Persistent pain is highly prevalent and frequently causing disability in later life. It is most often attributable to musculoskeletal causes, usually involves multiple locations, and often occurs with other comorbidities. Most people with chronic disease usually have more than one health problem, which is referred to as multimorbidity. The term comorbidity is also used but this is now taken to mean that there is a defined index condition with other linked conditions, for example diabetes and cardiovascular disease.Early recognition of its impact can help improving outcomes for individuals affected [3,4]. In the past study, multimorbidity increases in the elderly where 30.4% of adults aged 45 to 64 years reported at least two chronic conditions, increasing to 64.9% of adults aged 65 to 84 years and more than 80% for those above 85 years old. Research about pain in multiple health condition in elderly is still very limited. Therefore, better understanding the relationship between the pattern of pain and comorbidities in geriatrics are expected to help physicians to choose appropriate treatment and improved patient clinical outcomes [5].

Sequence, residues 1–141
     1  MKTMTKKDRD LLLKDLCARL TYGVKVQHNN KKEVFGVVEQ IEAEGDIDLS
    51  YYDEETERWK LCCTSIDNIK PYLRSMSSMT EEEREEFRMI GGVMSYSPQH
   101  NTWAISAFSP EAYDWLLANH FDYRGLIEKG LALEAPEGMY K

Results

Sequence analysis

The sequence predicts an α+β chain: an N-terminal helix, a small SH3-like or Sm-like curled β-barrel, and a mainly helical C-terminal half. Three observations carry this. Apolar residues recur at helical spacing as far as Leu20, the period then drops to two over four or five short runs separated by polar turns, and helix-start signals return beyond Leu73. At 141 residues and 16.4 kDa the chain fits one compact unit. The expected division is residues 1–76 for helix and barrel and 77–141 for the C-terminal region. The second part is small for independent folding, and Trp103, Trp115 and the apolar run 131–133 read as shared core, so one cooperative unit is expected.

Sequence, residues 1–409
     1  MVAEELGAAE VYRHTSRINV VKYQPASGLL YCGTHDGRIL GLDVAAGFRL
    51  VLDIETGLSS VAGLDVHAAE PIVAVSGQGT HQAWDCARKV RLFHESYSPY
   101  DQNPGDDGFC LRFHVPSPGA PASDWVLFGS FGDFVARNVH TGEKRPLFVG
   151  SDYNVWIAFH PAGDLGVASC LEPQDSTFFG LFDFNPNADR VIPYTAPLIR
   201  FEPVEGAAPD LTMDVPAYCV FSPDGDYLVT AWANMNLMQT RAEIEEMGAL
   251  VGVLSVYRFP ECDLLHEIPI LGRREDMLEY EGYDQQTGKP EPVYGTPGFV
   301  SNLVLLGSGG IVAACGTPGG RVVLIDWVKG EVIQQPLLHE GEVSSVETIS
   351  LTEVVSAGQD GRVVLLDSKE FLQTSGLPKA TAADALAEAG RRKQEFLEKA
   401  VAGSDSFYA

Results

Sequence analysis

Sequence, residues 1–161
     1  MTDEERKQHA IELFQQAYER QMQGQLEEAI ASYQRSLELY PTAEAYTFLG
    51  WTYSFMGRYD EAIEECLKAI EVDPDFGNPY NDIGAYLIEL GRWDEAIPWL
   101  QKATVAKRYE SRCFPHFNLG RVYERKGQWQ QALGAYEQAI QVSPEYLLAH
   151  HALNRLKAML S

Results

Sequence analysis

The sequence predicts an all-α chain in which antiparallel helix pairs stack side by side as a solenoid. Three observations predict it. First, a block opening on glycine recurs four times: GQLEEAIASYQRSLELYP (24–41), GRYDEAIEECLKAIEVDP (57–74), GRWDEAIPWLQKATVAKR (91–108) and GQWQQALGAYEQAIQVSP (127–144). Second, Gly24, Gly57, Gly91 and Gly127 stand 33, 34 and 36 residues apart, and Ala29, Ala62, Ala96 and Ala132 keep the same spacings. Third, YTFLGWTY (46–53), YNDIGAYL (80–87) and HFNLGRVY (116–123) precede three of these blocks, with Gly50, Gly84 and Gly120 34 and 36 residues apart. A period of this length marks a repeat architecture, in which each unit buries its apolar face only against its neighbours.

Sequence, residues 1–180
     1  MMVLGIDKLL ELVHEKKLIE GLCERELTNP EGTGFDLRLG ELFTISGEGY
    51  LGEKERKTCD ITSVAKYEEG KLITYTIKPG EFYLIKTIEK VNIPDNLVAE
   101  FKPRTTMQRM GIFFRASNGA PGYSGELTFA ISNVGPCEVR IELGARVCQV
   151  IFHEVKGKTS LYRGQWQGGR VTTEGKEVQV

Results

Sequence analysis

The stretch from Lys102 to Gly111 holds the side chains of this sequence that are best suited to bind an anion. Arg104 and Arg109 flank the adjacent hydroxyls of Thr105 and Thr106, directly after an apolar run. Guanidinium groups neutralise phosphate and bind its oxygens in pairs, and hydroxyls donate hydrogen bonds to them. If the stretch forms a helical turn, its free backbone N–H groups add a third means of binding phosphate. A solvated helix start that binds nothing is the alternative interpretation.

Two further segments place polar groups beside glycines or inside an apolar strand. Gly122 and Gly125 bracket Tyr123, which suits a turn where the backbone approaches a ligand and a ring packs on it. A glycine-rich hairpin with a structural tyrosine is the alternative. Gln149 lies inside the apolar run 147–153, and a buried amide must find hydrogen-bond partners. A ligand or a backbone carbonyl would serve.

The aim of this study was to explore the clinical profile of pain and its relationship with comorbidity in elderly population.


Study design

This was an observational analytic study with cross sectional design in geriatric patients. All data were collected from 2017 to 2018 with interviews and medical records at the neurology department in Bethesda Hospital Yogyakarta. 111 subjects were recruited using consecutive sampling where sampling is based on all test subjects who met the inclusion and exclusion criteria in the study until a certain period of time. The inclusion criteria in this study were patients with age ≥ 60 years, who referred to a pain clinic due to complaint of neuromuscular pain and willing to be the subject research by signing informed consent and being willing to be interviewed.


The instrument used in this study is a self-made pain essay sheet that corresponds to Pain Management Guideline for Bethesda Hospital Yogyakarta. Data retrieval conducted by interviewing patients enrolled in neurology department and from the patient’s medical record to ensure the patient’s answers. From the results of interviews and the patients medical records are used to see the relationship between variables.

Statistical Analysis